Nation-states (particularly non-Muslim states) will face daunting challenges in the struggle against terrorists who use Islam as a justification for their actions. This form of terrorism is multidimensional and global, and it is likely that this struggle will span several generations. While Muslim states are also victims of terrorism, non-Muslim states are at a greater disadvantage, even if they do have constitutional protections of religion for all citizens, including Muslims. In this continuing struggle, non-Muslim states must persuasively communicate with the Islamic world about their aims and what they hope to achieve in the war against terror. Considering the scope of the violence that has already been perpetrated by these kinds of terrorists, countries engaged in this struggle will have to be extraordinarily vigilant to protect their interests, and in some cases, their allies. In contrast to this, terrorist organizations will continue to use their networks to counteract those governments that they are against and portray them negatively. Despite the threats posed by terror groups and the challenges to conducting military operations against irregular actors such as terrorists, non-Muslim states must prevail in their mission.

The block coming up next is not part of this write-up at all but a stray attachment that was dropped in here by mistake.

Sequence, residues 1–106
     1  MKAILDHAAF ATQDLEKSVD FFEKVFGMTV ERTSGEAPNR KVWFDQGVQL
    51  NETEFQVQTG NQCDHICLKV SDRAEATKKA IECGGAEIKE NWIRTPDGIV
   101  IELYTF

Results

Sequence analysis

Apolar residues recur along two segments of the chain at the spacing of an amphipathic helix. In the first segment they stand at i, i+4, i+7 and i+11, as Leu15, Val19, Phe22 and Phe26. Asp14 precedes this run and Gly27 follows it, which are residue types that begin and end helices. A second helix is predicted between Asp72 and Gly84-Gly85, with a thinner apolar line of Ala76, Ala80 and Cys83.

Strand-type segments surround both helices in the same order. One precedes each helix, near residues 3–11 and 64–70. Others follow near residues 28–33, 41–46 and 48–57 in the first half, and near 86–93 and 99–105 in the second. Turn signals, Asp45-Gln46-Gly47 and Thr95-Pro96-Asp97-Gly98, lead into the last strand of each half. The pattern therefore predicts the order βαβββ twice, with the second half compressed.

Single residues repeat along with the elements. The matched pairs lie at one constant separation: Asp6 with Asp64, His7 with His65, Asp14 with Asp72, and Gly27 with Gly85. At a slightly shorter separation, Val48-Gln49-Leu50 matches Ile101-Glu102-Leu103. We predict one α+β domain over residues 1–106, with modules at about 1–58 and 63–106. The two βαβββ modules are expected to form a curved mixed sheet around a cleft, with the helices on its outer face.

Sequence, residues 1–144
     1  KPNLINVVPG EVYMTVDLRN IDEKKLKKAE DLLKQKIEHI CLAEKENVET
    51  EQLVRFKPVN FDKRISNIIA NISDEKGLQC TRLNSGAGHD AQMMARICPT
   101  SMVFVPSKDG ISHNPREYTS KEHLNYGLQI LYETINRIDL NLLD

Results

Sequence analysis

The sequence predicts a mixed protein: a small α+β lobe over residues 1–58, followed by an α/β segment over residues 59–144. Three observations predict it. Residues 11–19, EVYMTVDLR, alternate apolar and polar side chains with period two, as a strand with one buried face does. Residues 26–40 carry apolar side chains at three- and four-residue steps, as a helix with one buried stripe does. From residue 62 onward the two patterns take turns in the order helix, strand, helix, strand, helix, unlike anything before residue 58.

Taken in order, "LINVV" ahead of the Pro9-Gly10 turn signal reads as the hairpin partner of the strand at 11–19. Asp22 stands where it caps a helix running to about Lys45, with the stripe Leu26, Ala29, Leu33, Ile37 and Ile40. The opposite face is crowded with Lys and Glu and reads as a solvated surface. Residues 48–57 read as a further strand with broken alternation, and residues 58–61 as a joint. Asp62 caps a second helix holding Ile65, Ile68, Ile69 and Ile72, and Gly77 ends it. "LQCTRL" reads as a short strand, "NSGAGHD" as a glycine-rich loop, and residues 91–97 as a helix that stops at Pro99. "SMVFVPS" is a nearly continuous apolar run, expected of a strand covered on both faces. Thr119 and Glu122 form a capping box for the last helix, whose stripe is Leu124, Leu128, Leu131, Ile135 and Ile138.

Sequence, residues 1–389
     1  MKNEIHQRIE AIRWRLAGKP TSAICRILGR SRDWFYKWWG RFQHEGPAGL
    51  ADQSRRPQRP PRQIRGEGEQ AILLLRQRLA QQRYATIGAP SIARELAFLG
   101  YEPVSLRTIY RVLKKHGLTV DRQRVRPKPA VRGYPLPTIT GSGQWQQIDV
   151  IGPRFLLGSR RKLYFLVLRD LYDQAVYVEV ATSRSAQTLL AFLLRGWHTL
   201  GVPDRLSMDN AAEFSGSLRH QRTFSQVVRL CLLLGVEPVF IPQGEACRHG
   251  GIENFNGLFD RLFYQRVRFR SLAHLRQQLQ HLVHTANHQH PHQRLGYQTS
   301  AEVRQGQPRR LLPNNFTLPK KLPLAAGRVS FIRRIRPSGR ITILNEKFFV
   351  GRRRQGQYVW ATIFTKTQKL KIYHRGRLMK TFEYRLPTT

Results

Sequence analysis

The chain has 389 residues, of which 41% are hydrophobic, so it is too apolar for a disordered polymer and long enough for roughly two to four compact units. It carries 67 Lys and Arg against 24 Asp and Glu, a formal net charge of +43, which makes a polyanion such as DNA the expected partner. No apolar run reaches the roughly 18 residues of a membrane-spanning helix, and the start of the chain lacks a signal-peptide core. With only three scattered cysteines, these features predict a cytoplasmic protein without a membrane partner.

This article explores some alternatives that may enhance the capabilities of strategic communication as a viable instrument of warfare.